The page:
David Iben put it well when he said, 'Volatility is not a risk we care about. What we care about is avoiding the permanent loss of capital.' So it seems the smart money knows that debt - which is usually involved in bankruptcies - is a very important factor, when you assess how risky a company is. As with many other companies Avantor, Inc. (NYSE:AVTR) makes use of debt. But is this debt a concern to shareholders?
Why Does Debt Bring Risk?
Debt is a tool to help businesses grow, but if a business is incapable of paying off its lenders, then it exists at their mercy. Part and parcel of capitalism is the process of 'creative destruction' where failed businesses are mercilessly liquidated by their bankers. However, a more common (but still painful) scenario is that it has to raise new equity capital at a low price, thus permanently diluting shareholders. Having said that, the most common situation is where a company manages its debt reasonably well - and to its own advantage. The first thing to do when considering how much debt a business uses is to look at its cash and debt together.
What Is Avantor's Net Debt?
As you can see below, Avantor had US$4.82b of debt at December 2020, down from US$5.06b a year prior. However, because it has a cash reserve of US$286.6m, its net debt is less, at about US$4.54b.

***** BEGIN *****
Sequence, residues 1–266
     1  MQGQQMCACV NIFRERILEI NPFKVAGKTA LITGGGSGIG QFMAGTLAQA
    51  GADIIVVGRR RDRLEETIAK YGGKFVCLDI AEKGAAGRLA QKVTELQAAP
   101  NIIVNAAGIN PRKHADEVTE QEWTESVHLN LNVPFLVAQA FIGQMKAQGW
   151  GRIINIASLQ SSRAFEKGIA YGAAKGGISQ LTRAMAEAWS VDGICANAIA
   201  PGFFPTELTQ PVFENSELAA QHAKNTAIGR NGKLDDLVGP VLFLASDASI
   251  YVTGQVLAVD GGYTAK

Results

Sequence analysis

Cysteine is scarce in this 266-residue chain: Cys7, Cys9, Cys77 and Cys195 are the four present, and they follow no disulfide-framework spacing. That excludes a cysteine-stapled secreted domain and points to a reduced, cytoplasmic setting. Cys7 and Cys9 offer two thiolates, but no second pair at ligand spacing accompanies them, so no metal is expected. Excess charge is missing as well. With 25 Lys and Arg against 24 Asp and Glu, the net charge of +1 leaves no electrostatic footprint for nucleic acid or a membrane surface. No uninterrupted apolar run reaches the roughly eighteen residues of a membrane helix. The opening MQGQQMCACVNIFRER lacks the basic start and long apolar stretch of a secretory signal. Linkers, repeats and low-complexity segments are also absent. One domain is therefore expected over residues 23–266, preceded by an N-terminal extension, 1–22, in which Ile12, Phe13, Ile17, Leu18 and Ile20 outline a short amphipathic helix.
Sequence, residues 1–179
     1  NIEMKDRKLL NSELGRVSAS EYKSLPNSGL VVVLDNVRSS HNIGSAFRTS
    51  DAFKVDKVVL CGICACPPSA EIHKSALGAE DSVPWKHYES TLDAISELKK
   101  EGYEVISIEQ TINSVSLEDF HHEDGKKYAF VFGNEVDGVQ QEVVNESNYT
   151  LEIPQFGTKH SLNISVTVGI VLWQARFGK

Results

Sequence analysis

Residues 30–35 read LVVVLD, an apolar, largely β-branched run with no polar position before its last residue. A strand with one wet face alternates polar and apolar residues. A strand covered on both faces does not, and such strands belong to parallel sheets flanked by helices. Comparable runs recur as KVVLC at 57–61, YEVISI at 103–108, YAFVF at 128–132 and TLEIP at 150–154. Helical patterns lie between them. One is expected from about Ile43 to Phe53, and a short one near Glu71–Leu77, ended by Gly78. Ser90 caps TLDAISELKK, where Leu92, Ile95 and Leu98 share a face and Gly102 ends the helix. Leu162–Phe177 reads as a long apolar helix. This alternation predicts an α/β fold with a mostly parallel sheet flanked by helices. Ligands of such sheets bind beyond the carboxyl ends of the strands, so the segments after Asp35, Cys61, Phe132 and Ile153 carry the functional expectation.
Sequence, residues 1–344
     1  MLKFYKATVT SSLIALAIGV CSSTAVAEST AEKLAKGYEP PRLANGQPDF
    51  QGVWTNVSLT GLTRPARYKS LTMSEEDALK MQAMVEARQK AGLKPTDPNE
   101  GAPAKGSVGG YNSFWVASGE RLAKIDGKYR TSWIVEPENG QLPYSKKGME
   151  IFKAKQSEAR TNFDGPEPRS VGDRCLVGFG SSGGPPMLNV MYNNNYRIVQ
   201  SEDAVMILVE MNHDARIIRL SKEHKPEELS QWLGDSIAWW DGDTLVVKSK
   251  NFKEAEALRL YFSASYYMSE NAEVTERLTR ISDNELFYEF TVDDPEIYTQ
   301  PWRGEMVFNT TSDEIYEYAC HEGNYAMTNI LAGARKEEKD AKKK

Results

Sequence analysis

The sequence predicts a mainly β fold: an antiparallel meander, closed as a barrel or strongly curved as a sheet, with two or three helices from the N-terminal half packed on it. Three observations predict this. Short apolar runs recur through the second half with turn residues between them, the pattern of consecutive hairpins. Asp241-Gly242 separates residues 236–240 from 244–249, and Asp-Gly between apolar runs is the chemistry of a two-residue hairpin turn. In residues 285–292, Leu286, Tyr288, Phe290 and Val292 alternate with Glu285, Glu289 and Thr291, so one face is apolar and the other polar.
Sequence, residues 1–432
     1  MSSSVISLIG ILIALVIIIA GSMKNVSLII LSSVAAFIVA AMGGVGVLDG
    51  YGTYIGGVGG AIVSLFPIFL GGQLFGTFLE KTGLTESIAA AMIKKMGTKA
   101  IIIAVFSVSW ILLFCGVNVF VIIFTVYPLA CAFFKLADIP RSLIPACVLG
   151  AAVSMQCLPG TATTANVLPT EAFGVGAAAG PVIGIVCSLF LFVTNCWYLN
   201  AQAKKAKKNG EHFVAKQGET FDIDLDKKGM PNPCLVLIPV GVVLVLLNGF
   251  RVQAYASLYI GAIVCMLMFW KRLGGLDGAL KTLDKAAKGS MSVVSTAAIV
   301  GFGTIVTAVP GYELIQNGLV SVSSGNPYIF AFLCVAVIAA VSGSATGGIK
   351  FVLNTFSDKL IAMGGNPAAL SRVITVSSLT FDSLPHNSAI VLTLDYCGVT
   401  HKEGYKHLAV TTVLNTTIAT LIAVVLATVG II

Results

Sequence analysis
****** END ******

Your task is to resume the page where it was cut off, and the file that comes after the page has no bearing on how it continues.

How Healthy Is Avantor's Balance Sheet?
According to the last reported balance sheet, Avantor had liabilities of US$1.24b due within 12 months, and liabilities of US$5.99b due beyond 12 months. Offsetting this, it had US$286.6m in cash and US$1.11b in receivables that were due within 12 months. So its liabilities outweigh the sum of its cash and (near-term) receivables by US$5.83b.
This deficit isn't so bad because Avantor is worth a massive US$16.9b, and thus could probably raise enough capital to shore up its balance sheet, if the need arose. But we definitely want to keep our eyes open to indications that its debt is bringing too much risk.
We use two main ratios to inform us about debt levels relative to earnings. The first is net debt divided by earnings before interest, tax, depreciation, and amortization (EBITDA), while the second is how many times its earnings before interest and tax (EBIT) covers its interest expense (or its interest cover, for short). The advantage of this approach is that we take into account both the absolute quantum of debt (with net debt to EBITDA) and the actual interest expenses associated with that debt (with its interest cover ratio).
While Avantor's debt to EBITDA ratio (4.0) suggests that it uses some debt, its interest cover is very weak, at 2.4, suggesting high leverage. It seems clear that the cost of borrowing money is negatively impacting returns for shareholders, of late. On a lighter note, we note that Avantor grew its EBIT by 25% in the last year. If it can maintain that kind of improvement, its debt load will begin to melt away like glaciers in a warming world. When analysing debt levels, the balance sheet is the obvious place to start. But it is future earnings, more than anything, that will determine Avantor's ability to maintain a healthy balance sheet going forward. So if you're focused on the future you can check out this free report showing analyst profit forecasts.